|Gross national product per capita
||558 US$ (2005)
|Households with TV
|Radios per 1000 people
|Telephone mainlines per 100 people
|Mobile subscribers per 100 people
|Personal computers per 1000 people
|Internet subscribers per 100 people
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South Africa: How can feminists use ICTs to their advantage?
16/02/2008 (APC) --
The first-ever Feminist Tech eXchange (FTX) held recently in Cape Town brought together more than 100 activists from around the globe. Organised by the APC women’s programme in the run up to the massive women’s movement forum AWID, the capacity-building and information-exchange event explored various technologies such as video, audio, social networking platforms and other emerging ICT tools.
TIGA awards for ICT and government delivery
30/09/2008 (UNECA) --
The Economic Commission for Africa and the the Canadian Fund for Africa have launched the Second Technology in Government in Africa (TIGA) Awards. The awards aim to recognise the work of African governments in the effective use of ICTs for public service delivery.
Nepad e-schools on the blink
30/10/2008 (MyBroadband.co.za) --
The e-schools satellite learning programme, run by the New Partnership for Africa’s Development (Nepad), has linked less than 100 schools in Africa to the internet. That's after promising to connect some 600,000 schools on the continent in 2003.
East Africa prepares for global IGF
26/12/2008 (Computerworld) --
Representatives from Kenya, Rwanda, Tanzania and Uganda have gathered in Nairobi to discuss common issues regarding internet governance, in preparation for next month's global Internet Governance Forum (IGF).
IGF gets under way in India
12/01/2009 (KICTANeT) --
The First East African Internet Governance Forum was inspired by the realization that there was a need to address the limited participation of African stakeholders in global internet governance debates. That's according to KICTANeT's Alice Wanjira, who was speaking at the Internet Governance Forum (IGF) currently taking place in India.
12/02/2009 (Balancing Act) --
Three hundred and eighty people gathered from all over the world in Johannesburg recently to discuss how mobile phones might be used for social and political purposes in developing countries. The topic clearly touched a nerve, writes Russell Southwood.
Senegal: Linking up through technology
12/02/2009 (APC) --
Seven women and thirteen men from Anglophone and Francophone Africa and the Caribbean met during the last days of September in Gorée Island, Senegal. They have many things in common, but one in particular is their ability to make innovative connections between gender, agriculture and ICTs. This ability has led them to be finalists of the Gender, Agricultural and Rural Development in the Information Society (GenARDIS) small grants fund...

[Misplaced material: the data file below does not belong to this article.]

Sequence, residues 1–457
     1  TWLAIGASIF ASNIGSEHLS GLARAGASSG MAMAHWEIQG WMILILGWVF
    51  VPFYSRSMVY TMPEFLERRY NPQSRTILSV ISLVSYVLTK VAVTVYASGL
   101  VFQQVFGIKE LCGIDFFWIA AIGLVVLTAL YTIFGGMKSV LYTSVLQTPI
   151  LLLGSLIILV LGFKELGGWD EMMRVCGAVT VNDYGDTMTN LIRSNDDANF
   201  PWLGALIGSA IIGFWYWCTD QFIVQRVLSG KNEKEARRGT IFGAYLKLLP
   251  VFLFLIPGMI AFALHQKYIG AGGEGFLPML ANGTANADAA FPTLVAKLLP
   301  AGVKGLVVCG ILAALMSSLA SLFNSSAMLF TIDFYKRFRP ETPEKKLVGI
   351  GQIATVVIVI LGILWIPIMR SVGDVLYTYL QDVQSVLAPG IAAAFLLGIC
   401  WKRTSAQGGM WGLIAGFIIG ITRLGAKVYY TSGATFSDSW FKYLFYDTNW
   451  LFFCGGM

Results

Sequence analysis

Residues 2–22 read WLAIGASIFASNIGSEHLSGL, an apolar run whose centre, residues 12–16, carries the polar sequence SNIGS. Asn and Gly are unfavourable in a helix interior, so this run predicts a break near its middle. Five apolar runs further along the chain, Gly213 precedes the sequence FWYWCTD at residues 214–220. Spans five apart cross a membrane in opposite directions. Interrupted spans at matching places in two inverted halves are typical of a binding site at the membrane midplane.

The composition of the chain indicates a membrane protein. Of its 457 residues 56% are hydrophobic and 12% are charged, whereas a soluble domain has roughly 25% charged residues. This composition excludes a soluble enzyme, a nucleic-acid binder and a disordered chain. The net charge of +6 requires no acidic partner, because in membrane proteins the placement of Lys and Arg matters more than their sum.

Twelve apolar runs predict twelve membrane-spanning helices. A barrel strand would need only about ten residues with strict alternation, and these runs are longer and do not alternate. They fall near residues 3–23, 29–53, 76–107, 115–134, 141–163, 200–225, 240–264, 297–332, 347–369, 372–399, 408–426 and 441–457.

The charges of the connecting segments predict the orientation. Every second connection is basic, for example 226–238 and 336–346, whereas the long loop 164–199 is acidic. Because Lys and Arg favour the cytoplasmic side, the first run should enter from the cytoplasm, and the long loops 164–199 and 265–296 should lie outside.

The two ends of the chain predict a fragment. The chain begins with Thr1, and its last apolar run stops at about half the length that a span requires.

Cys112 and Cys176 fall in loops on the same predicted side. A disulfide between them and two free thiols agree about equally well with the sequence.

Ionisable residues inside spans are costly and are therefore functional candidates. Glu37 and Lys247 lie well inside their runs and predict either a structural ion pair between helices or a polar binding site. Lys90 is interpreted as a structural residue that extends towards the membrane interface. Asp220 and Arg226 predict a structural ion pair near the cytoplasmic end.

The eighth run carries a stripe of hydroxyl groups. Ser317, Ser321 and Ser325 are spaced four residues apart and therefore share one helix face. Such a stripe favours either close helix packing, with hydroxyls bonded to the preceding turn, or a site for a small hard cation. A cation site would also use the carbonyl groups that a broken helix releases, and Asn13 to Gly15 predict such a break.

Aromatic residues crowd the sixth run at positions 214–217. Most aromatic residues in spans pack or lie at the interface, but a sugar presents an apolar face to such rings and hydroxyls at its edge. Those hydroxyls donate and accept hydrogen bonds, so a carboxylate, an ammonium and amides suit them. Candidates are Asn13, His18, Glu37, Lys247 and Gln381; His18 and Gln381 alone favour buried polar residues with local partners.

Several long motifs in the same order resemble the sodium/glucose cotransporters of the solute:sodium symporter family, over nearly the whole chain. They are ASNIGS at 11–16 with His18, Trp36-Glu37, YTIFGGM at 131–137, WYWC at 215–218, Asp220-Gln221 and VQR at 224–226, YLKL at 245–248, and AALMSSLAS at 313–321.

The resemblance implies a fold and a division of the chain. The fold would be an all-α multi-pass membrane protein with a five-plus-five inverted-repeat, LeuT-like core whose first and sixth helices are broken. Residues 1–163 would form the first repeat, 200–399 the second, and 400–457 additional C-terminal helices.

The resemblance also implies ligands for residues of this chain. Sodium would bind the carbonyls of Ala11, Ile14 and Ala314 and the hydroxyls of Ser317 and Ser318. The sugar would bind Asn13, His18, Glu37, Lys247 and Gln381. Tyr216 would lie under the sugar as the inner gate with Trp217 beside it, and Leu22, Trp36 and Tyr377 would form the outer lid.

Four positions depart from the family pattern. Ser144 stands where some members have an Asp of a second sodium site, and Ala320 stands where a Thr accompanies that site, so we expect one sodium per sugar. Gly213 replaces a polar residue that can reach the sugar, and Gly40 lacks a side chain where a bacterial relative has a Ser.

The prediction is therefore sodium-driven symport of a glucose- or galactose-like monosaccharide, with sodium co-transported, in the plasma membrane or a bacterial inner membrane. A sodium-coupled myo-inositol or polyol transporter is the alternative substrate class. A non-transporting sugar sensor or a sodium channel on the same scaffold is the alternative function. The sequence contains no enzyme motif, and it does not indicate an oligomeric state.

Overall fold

Access to internet highlighted by new global report
12/03/2009 (APC) --
How do we ensure access to the internet is a human right enjoyed by everyone? This is one of the critical questions asked by an annual publication that highlights the importance of people’s access to ICT infrastructure – and where and how countries are getting it right or wrong, and what can be done about it.
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Survey of e-learning in Africa
According to this 10-page report, e-learning is in its infancy in Africa; but the evidence suggests that there is nevertheless considerable enthusiasm for the potential that it offers across the educational spectrum, not only for universities and schools, but also for vocational training, for lifelong learning, and for marginalised groups such as street children and those with disabilities.
Extent of online threat to children disputed
A task force created by 49 US state attorneys general to look into the problem of sexual solicitation of children online has concluded that there really is not a significant problem. The findings run counter to popular perceptions of online dangers as reinforced by depictions in the media.
How much impact do ICTs have?
Almost everyone agrees that ICTs can make a substantial difference to the poor. However, the evidence base is still weak. A new study – carried out by key donor and NGO actors in the sector and summarised in this briefing – looks at the reasons why the evidence base is not as strong as in other development sectors and makes recommendations for firming things up.
This working paper by Andrew Rens at the Shuttleworth Foundation argues that implementing the World Intellectual Property Organization’s Development Agenda requires a special focus on how intellectual property rights interact with education. It says that the Development Agenda presents the right opportunity to create globally applicable minimum exceptions to copyrights for educational purposes.